During the late 1930s and again in the 1980s, archaeologists from the University of Kentucky investigated the multiple archaeological sites that make up Lower Shawneetown, a major mid-eighteenth-century Indian village. Depicted on maps of the period - on one or both sides of the Ohio River at its confluence with the Scioto River - it was the primary village of the Shawnee from the mid-1730s to 1758.
In the late 1740s and early 1750s, Lower Shawneetown served as an international diplomatic center for indigenous peoples, and a mid-level diplomatic center between Europeans (French and English) and Indian groups. In 1751, eyewitnesses estimated its population as 1200 people. It also was a major economic hub or “factory” that served as the western terminus for the Pennsylvania deerskin trading network's southern route. English "trading houses" (trading posts) stood in the town at that time.
Of the four sites (Bentley, Thompson, Forest Home, and Laughlin) on the Kentucky side of the Ohio River that make up the archaeological remains of Lower Shawneetown, the most well-known is the Bentley site. Archaeologists recovered Late Fort Ancient ceramics and European American-made trade goods from the same trash disposal area at that site.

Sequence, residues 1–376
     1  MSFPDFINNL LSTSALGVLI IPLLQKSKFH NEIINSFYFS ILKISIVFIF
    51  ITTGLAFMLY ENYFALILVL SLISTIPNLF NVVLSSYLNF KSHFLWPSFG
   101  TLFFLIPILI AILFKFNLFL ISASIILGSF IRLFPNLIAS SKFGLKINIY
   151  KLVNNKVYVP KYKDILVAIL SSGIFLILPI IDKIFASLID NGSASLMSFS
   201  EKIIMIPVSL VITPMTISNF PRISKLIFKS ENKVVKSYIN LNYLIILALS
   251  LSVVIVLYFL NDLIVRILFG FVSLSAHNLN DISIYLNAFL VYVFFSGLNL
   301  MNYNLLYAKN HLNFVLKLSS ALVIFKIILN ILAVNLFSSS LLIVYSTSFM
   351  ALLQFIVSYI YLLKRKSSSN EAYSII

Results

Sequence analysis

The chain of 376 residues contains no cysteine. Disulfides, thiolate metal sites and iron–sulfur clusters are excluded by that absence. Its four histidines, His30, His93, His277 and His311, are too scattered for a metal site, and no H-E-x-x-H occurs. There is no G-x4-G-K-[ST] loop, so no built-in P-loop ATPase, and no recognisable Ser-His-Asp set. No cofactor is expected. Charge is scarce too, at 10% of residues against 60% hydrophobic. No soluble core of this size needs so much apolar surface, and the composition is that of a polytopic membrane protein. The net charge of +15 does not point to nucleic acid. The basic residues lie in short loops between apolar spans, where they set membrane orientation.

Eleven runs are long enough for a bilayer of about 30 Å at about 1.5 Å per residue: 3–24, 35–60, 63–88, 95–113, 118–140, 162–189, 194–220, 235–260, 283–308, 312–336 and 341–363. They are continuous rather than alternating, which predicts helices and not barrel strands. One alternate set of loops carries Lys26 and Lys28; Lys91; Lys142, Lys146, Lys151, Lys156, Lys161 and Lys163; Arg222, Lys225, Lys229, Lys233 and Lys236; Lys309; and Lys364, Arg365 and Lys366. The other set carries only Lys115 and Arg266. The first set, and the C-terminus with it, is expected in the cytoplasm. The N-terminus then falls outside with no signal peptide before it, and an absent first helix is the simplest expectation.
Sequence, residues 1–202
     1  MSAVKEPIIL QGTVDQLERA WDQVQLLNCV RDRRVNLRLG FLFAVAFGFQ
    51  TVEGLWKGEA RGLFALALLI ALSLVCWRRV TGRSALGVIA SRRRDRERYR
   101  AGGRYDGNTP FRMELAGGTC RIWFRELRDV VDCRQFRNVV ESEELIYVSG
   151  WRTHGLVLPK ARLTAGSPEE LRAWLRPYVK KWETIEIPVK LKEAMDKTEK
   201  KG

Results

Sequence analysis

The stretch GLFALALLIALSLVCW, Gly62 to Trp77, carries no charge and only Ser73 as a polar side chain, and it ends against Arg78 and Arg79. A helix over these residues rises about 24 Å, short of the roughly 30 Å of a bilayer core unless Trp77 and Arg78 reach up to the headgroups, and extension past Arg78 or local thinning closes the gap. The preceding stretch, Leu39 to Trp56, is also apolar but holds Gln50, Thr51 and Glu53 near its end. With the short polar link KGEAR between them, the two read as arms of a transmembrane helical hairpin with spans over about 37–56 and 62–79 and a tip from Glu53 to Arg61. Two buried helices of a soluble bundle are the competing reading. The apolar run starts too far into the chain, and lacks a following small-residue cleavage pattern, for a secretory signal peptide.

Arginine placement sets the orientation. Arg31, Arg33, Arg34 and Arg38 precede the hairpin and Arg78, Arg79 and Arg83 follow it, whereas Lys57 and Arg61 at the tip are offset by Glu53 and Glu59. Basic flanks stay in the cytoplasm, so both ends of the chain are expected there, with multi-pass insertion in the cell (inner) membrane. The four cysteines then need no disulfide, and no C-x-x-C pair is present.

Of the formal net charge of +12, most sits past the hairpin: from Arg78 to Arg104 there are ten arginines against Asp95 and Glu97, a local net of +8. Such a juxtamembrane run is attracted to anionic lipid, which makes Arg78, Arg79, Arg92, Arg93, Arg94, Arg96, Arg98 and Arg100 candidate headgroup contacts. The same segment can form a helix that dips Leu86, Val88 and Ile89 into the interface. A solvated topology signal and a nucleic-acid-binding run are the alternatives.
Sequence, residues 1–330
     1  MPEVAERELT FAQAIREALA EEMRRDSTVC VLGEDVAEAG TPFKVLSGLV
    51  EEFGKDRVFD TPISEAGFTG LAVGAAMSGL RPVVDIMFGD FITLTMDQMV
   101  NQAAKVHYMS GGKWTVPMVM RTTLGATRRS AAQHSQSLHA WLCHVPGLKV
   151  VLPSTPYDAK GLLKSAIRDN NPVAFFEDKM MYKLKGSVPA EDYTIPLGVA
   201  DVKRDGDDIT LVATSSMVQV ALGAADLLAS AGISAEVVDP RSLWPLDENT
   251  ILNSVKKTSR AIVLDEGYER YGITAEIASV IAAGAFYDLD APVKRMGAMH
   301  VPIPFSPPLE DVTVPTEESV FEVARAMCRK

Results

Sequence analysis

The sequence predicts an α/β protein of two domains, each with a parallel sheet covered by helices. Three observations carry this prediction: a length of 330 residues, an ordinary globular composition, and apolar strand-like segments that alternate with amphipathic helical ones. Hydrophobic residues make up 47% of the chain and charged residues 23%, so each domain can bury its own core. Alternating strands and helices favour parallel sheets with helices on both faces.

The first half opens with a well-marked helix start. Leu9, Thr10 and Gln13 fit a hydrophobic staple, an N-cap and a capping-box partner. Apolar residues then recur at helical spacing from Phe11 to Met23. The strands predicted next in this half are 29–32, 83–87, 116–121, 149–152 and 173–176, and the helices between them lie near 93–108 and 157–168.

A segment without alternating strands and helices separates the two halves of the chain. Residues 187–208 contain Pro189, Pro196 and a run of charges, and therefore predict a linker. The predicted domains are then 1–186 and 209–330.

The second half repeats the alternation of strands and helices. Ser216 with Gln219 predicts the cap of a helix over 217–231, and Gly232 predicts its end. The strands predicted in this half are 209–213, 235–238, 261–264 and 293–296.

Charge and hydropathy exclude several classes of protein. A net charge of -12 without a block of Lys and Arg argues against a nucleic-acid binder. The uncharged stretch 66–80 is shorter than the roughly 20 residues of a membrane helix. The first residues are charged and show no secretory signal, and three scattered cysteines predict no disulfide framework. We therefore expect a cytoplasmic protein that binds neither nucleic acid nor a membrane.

South of the trash disposal area, pebble-lined posts formed the outline of a structure that measured at least 30 feet wide by 50 feet long. This structure is similar in size and shape to those identified at the earlier Late Fort Ancient villages of Hardin and Fox Farm.
Use of Native and European American Goods
At Lower Shawneetown, Late Fort Ancient ceramics and chipped stone tools were contextually associated in the same trash disposal area as mid-eighteenth century European American trade goods. These trade goods were diverse: ornaments, but also firearms (gun parts, gunflints, and ammunition) and items of domestic use, such as scissors, knives, and mouth harps.
This contrasts sharply with where investigators found European American trade goods within mid-seventeenth-century Late Fort Ancient villages and what the trade goods were. These items were recovered exclusively from burial contexts, and most were ornaments - glass beads or copper beads derived from reworked fragments of brass or copper kettles.
The contemporary use of both Native-produced and European American-made goods at Lower Shawneetown points to the enduring quality of Native cultural traditions that extended into the mid-1700s, well after sustained, direct contact with European Americans.
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